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Nancy Barnes, senior vice president for news at National Public Radio, will deliver the keynote speech at the spring 2019 convocation for students at Arizona State University’s Walter Cronkite School of Journalism and Mass Communication.
The ceremony will be Tuesday, May 7, at 7 p.m. at Comerica Theatre in downtown Phoenix. More than 300 students are expected to graduate.
Barnes oversees more than 400 NPR journalists across the U.S. and in 17 international bureaus. She also is the president of the American Society of News Editors and a member of the Pulitzer Prize Board.
Before joining NPR in 2018, she was the editor and executive vice president of news at the Houston Chronicle in Texas — the first woman to hold that position in the newspaper’s 112-year history. Her responsibilities included oversight of the Houston Chronicle Media Group, which includes several other daily Texas newspapers and dozens of weekly publications.
At the Chronicle, Barnes led the newsroom to a Pulitzer Prize for commentary in 2015, the newspaper’s first Pulitzer, for a series on a corrupt and abusive grand jury system. In addition, the newspaper was a Pulitzer finalist two other times during her tenure.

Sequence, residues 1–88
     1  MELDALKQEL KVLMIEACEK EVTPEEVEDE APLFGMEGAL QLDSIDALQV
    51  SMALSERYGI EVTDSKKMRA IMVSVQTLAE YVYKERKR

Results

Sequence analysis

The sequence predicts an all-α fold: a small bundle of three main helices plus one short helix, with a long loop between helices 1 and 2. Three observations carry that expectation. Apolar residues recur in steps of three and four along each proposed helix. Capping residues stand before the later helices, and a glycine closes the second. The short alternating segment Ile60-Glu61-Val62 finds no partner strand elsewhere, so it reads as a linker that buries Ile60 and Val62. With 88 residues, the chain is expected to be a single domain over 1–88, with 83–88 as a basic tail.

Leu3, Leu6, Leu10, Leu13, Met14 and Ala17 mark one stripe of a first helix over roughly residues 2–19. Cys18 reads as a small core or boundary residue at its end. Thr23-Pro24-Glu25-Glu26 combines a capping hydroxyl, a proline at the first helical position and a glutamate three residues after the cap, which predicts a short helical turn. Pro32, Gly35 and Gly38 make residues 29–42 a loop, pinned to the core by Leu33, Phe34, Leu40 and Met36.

From 2007 to 2013, before joining the Chronicle, Barnes was an editor and senior vice president of the Star Tribune Company in Minneapolis. Her newspaper earned the 2013 Pulitzer Prize for local reporting. She also spent 10 years as an editor for the News & Observer in Raleigh, North Carolina. Barnes began her career as a reporter and editor at mid-sized newspapers in Massachusetts, Virginia and North Carolina.
“Nancy Barnes' career is an inspiration to our students,” said Cronkite Dean Christopher Callahan. “She is one of a handful of women who leads a major news organization in the U.S., and she is someone who leads with the absolute conviction that journalism must make a difference."
Barnes' career straddles broadcast, print and digital journalism. When she was appointed to lead NPR, she was asked whether someone with a newspaper background was equipped to lead a national radio enterprise. Barnes said the lines between those platforms are blurring. “I don’t think this is as radical as it would have been 18 years ago,” she said in the interview that aired last year on “All Things Considered.”
Barnes holds a Bachelor of Arts degree in international affairs from the University of Virginia and a master’s degree in business administration from the University of North Carolina.